“My first year I realized that I had more aptitude for music than I did for math, and I also realized that school would be a lot more fun if I could study music instead of just perform it. But still it was very scary to make the switch.”

In addition to singing with the University Choir, Billett has also sung opera, performed Renaissance music with the Dudley Consort, and has been a regular member (and music director two years in a row) of the a cappella singing group, the Din & Tonics. It was while touring England with the Dins that he first became acquainted with the King’s College Choir.

“I’d been told that the King’s College Choir was the choir, the most renowned in the world. I went to hear evensong in the chapel, and it just blew me away.”

The next day, Billett wrote Somerville a postcard describing his experience and asking whether he could transfer to Cambridge University.

“I meant it as a joke, but when I got back he said, ‘Maybe you should think about this.’”

Somerville remembers the incident as well.

“I asked him how serious he was about that question, and I said, if you are serious, then you and I have some work to do.”

He had no doubts about Billett’s voice. “I could hear there was a real quality in that voice,” Somerville said.

But he did think Billett needed to hone his sight-reading skills and urged him to join the group that sings every day at 8:45 a.m. for morning prayers.

Singing with this group is challenging because there are only a bare 20 minutes to rehearse. Singers must not only sight-read music that in many cases they have never encountered before but deal with texts in French, German, Italian, and Latin.

“It’s an experience I don’t think you get in any other musical group,” Billett said. “I love sight reading now. It’s very exciting. You have to push yourself both mentally and physically. It’s like sports.”

After two years of performing with the morning choir, Billett was ready. Somerville arranged for him to audition at King’s College when his next tour with the Dins brought him to England. He impressed the judges with his singing ability, but had to follow that up with tests in keyboard harmony, theory, musical history, and other academic subjects. When it was all over, Billett had made the team.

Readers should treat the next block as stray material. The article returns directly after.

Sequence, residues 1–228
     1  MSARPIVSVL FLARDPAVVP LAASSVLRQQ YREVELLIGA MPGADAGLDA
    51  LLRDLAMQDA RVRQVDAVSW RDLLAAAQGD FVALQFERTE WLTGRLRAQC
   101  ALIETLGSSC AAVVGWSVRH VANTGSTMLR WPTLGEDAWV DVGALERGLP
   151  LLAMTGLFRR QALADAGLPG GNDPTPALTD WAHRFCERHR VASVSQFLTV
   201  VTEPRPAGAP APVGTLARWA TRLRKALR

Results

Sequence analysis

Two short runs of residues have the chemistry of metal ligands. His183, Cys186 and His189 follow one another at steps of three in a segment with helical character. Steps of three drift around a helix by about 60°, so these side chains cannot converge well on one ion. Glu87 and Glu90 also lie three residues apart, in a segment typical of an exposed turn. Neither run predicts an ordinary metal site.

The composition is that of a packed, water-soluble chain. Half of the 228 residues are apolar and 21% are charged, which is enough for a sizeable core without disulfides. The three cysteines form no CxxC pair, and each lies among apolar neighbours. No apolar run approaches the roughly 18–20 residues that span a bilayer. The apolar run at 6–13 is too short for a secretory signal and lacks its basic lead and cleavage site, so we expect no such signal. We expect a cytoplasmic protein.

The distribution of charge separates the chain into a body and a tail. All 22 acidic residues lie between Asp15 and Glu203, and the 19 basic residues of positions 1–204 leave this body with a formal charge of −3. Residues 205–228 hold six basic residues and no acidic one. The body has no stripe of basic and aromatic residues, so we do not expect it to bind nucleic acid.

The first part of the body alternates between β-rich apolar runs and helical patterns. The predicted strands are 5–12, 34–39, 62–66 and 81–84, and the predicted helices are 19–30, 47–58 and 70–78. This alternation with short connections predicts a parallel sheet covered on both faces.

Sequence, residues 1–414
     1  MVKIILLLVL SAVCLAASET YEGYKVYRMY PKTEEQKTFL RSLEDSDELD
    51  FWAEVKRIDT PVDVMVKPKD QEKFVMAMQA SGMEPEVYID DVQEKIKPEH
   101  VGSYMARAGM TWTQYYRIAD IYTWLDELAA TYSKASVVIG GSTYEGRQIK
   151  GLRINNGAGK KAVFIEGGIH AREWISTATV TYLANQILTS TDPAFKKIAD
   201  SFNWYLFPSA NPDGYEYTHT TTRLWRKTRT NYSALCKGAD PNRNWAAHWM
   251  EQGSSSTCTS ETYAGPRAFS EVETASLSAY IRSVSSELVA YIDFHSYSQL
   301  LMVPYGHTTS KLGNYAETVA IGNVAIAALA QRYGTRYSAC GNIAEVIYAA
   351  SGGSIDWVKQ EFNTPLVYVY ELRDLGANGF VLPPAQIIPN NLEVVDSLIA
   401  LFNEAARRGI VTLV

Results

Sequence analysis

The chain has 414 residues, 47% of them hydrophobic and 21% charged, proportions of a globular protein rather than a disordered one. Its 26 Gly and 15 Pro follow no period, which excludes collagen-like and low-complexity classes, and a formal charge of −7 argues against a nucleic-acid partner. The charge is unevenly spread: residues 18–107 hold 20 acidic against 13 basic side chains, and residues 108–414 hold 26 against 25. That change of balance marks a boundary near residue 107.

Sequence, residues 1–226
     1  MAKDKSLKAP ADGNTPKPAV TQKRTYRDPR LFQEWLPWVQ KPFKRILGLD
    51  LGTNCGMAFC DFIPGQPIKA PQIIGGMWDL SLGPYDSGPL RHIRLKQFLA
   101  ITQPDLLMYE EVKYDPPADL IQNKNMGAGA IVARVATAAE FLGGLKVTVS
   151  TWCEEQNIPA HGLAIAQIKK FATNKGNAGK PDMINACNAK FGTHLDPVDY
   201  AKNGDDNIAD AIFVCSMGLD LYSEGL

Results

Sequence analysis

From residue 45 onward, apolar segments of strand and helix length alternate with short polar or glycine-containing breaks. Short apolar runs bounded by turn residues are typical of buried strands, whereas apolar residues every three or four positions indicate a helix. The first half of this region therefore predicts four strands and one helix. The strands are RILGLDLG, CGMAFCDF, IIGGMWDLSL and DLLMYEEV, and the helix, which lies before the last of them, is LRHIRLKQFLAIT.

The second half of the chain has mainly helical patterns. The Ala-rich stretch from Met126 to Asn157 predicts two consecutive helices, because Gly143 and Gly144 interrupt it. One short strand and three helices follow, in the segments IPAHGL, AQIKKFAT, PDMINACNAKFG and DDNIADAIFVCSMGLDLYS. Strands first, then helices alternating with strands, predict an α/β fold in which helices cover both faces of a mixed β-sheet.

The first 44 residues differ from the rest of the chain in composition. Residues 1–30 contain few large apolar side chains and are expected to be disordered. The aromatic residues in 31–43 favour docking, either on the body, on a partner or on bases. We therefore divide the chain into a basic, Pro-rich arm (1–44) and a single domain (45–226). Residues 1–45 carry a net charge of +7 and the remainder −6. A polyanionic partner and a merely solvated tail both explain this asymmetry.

He will be singing in a group with a truly venerable history. The chapel itself, one of the glories of late Gothic architecture, was begun in 1446 by Henry VI. Construction was interrupted by the War of the Roses, then completed in 1547 by Henry VIII. The exquisite fan vaulting has been described as “the noblest stone ceiling in existence.”

Comprising men and boys (the boys receive their education in the college’s residential Choir School), the choir has toured extensively and made numerous recordings, both by itself and with some of the world’s best-known orchestras. The prestigious nature of the organization he is joining has helped to allay some of Billett’s fears about the wisdom of devoting himself to a career in music.

“I realize not everyone gets to do this. It’s a fabulous opportunity. I feel there will be doors that will open up for me as a result.”

Meanwhile, he is looking forward to soaking up as much musical knowledge and experience as he can. In addition to singing in the choir, he will also be a full-time student, working toward either an M.Phil. degree or a second B.A., a choice he has yet to finalize.

“Either way, I think it’s going to be wonderful. I’m thrilled. It’s going to be an adventure.”